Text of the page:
Samuel Dickson Selvon: Lonely Londoners

(2588 words)

Sam Selvon’s The Lonely Londoners, first published by Alan Wingate in 1956, is a text frequently hailed as signalling the birth of modern black British writing. Selvon’s short fiction, now a standard text on many a university course on postcolonial Britain and black British literature, is not only ground-breaking in its representation of the life, culture and expectations of that early “Windrush generation” of West Indian migrants who came to Britain from the late-1940s; the book signals, as Caryl Phillips has noted (Nasta 2006: vi-vii), a key moment in the wider literary re-imagining of post-war Britain in the 1950s. The text stands both beside classic texts of postcolonial Britain such as Salman Rushdie’s The …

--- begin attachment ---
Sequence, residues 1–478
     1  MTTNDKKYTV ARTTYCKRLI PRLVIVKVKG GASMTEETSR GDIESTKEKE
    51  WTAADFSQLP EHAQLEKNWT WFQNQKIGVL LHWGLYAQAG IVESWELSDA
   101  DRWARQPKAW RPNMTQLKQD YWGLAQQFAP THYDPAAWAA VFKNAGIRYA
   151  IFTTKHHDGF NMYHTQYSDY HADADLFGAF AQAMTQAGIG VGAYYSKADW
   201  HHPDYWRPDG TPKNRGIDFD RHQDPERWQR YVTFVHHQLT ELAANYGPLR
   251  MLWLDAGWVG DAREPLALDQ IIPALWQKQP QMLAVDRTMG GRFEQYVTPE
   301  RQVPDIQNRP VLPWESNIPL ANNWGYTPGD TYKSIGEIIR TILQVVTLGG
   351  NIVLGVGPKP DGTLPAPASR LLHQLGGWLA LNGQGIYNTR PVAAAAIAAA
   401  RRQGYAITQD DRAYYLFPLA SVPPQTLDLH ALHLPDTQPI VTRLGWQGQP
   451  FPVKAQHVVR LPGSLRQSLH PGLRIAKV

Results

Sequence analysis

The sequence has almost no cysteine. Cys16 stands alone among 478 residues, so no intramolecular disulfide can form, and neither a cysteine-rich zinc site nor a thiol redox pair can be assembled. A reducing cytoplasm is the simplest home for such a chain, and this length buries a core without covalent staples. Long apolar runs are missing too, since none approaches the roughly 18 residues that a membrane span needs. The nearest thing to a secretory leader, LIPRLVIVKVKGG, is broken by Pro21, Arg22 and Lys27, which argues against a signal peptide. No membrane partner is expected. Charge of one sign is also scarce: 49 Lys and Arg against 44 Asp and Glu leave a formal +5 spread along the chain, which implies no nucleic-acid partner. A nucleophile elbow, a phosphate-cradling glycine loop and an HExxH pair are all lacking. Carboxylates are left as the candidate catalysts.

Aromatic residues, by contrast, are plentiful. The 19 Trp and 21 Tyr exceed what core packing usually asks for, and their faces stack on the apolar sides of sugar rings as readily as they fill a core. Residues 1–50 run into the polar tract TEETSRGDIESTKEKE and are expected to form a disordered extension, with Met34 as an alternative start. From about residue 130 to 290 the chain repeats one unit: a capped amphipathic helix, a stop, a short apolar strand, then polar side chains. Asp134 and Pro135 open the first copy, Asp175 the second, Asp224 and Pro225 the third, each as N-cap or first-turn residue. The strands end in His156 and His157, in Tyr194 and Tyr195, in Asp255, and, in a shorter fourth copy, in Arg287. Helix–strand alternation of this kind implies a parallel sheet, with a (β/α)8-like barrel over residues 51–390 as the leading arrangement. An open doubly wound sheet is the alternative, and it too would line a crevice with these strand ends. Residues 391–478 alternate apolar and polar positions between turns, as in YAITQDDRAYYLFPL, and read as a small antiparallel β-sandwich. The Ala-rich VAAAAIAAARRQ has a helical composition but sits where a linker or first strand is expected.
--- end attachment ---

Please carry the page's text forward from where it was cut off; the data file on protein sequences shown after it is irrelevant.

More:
Please log in to consult the article in its entirety. If you are a member (student of staff) of a subscribing institution (see List), you should be able to access the LE on campus directly (without the need to log in), and off-campus either via the institutional log in we offer, or via your institution's remote access facilities, or by creating a personal user account with your institutional email address. If you are not a member of a subscribing institution, you will need to purchase a personal subscription. For more information on how to subscribe as an individual user, please see under Individual Subcriptions.

Waters, Rob. "Lonely Londoners". The Literary Encyclopedia. First published 04 October 2011
[, accessed 25 September 2016.]

Related Groups

  1. Postcolonial literature - Britain, The Caribbean, Australia, New Zealand